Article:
I just finished writing a review of the His Dark Materials trilogy by Philip Pullman and it really got me wondering.... why are the titles of books changed according to where they are published?
Why the differing titles? My first thought is that there might be some sort of cultural argument about the title of the book, but I really can't see how this can be the case. There just isn't a sufficient enough cultural different between the UK and the USA, or Australia and USA for this to be the case.
I suppose you could say that titles were chosen by the publishers that they thought the people in that particular country could identify more with.... but really - The Messenger vs I am the Messenger? Harry Potter and the Philosopher's Stone vs Harry Potter and the Sorcerer's Stone? Do they really think American's need a little bit of clarification in the title about who exectly the messenger is? Do they really think that American's can't figure out that an alchemist could also be considered a philospher? How is The Northern Lights just not going to work in America, but it can elsewhere in the world?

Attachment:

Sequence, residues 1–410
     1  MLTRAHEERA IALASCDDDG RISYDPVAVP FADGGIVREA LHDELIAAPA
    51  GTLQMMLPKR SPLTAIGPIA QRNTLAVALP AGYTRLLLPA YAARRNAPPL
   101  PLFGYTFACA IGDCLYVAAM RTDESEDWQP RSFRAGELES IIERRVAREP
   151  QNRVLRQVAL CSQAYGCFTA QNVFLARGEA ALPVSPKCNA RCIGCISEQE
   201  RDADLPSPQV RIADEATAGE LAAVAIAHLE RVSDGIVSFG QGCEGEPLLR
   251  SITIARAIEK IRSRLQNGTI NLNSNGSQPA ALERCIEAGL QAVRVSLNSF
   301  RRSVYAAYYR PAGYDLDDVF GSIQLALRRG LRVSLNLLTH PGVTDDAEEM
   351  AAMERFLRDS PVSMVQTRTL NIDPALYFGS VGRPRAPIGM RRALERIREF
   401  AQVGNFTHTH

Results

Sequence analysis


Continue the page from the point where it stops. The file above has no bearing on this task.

This isn't just directed at Americans or the American publishing indistry - I am sure there are example of changing titles elsewhere throughout the world. These are just the examples that came to mind first.
I hope that there is a good reason for changing the titles - because I for one tend to think that the integrity of the author's work should be maintained all around the world. If they called their book The Northern Lights, or the Philosopher's Stone or The Messenger, I think that there better be a really good excuse for changing it.
It's very likely that everyone but me knows the answer to this but can you please enlighten me? Why are the titles of books changed according to where they are published?